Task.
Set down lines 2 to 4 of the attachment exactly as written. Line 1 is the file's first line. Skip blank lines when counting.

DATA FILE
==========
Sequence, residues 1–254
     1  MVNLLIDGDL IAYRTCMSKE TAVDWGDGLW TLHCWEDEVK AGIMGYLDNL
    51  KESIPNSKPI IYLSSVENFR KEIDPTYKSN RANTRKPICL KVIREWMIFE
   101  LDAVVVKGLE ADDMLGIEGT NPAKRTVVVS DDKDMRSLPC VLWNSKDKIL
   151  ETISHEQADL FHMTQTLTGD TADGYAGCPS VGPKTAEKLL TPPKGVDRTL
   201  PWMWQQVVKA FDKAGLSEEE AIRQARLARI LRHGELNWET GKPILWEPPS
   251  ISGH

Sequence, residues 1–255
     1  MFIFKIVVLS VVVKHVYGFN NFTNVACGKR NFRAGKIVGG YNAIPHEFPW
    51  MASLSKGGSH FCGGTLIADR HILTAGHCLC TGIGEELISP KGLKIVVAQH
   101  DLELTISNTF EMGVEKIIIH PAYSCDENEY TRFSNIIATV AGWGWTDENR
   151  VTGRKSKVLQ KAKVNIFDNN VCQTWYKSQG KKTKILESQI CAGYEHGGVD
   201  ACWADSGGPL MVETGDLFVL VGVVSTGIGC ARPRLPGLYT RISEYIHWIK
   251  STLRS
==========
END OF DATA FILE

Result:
     1  MVNLLIDGDL IAYRTCMSKE TAVDWGDGLW TLHCWEDEVK AGIMGYLDNL
    51  KESIPNSKPI IYLSSVENFR KEIDPTYKSN RANTRKPICL KVIREWMIFE
   101  LDAVVVKGLE ADDMLGIEGT NPAKRTVVVS DDKDMRSLPC VLWNSKDKIL